I know this will sound illogical at first, but bear with me: I think the change feels drastic to Jason because so little has changed in his conception of authority.

      This is what I mean: In some Reformed circles, you have a sola fide doctrine paired with a very close reading of the Westminster Confession, recommended and enforced by the Presbyterian leadership. Very specific claims, very strong lines of authority, lots policing of what orthodoxy is (and isn’t). The entire story of Who We Are is set in the story about the Reformation, with Catholic claims and theology as the great Other. These ideas are important because Reformed identity is often important, and it’s based in intellectual commitments to a greater degree than a lot of other Protestant traditions.

      So, as far as I can tell from the story, Jason’s cruising along, and then he takes a look at Catholic claims. Big problem: he can’t just write them off. And to him, this is a monumental problem, because the Reformed pundit’s theological universe is divided up into two pieces: Side A and Side B, both imagined has sharing similarly strong and directly competing truth claims. You gotta be on a side. So, Jason winds up “flipping” into the other camp – which is total about-face in his picture of the theological and ecclesiastical world. (Further confirmation that it’s an about-face: the response of the home church and Presbyterian leadership is so frenzied: they think he’s totally sold out, and I can only conclude his decision is basically an affront, therefore requires some concerted return-fire.) But Jason’s ideas about Scripture, tradition, and authority actually haven’t changed a great deal. In fact, one reason he flips so easily from Reformed to RCC without noticing or dawdling too much in alternatives may be because he is sensitive to claims that are formulated in this “strong” way and that appeal to authority.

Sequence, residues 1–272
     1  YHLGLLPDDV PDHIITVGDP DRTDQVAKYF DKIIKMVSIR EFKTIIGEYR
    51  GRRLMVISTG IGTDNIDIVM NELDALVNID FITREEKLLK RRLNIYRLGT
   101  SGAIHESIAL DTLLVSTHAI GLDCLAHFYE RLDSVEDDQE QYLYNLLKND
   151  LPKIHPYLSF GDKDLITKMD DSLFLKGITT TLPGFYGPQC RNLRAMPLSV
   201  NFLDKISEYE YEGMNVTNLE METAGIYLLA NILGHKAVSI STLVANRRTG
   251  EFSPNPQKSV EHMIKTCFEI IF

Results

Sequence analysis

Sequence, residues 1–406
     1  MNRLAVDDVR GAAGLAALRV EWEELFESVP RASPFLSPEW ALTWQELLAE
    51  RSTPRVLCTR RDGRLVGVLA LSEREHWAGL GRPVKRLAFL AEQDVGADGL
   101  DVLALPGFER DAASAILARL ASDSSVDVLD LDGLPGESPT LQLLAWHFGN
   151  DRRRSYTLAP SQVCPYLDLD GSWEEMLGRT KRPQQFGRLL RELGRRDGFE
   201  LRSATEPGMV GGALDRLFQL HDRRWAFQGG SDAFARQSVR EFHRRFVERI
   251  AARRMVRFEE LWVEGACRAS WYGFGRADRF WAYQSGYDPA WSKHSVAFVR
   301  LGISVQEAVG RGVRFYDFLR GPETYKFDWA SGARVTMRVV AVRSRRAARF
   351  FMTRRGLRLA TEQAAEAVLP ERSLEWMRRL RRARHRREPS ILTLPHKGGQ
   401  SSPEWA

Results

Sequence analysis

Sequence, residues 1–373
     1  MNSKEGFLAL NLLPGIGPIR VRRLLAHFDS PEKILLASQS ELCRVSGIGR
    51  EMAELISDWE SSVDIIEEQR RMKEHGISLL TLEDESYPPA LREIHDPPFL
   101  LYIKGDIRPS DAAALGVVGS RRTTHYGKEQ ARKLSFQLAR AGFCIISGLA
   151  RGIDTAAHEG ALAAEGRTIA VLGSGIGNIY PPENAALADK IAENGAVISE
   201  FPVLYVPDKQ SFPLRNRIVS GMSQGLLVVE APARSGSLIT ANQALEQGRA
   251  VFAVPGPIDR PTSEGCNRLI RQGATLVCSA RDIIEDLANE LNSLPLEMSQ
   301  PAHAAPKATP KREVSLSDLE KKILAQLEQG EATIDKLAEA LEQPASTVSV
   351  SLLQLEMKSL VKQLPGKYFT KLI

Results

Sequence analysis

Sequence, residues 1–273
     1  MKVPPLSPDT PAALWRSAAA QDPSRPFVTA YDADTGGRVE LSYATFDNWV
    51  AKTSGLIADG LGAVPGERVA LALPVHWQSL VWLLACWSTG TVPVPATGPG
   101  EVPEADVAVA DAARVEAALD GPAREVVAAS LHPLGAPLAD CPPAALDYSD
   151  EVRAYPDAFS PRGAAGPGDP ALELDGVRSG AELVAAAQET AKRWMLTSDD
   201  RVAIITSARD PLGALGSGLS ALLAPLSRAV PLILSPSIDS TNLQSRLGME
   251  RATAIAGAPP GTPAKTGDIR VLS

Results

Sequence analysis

Jason, this isn’t a criticism of you or your story. It’s just an observation of the interior logic of the story that I think I hear you trying to tell. I’m fascinated that you feel “driven” to convert but not “pulled” to convert. And I wonder if, actually, you might be pulled, by the idea that the RCC is “not a tame lion” and is commanding your response and loyalty–that is, it’s living up to your Presbyterian ideals! – and the way you imagine competing theologies to be in the arena, so to speak. In war, you can’t be tempted or wooed, that is for traitors; but you can to be overpowered, and you can be convinced.

      I admit I do wonder one thing: If you feel that you are telling a story about being compelled because you must respond to critics who will claim that you were somehow “tempted” and therefore can be shrugged off. I wonder if, in 10 years, you will be able to see and speak more clearly about what you did find interesting or admirable.

    • 1. Yup
      2. Yup
      3. Yup

      Three yups and an amen.

    • Dr. Fundystan, I recommend you choose a narrower paint brush–or finer pen, whichever. In response to your three points…

      1. I’m not a Presbyterian, so I can’t speak to what goes on in their inner circles. In my association there is wide latitude of freedom with regards non-essential matters of the Christian faith. For instance, I’m one of only a handful of Reformed pastors in my association out of several hundred. We have disagreements among ourselves, but no one has asked me to to leave or reproved me for it. I would imagine that we are not alone in this respect.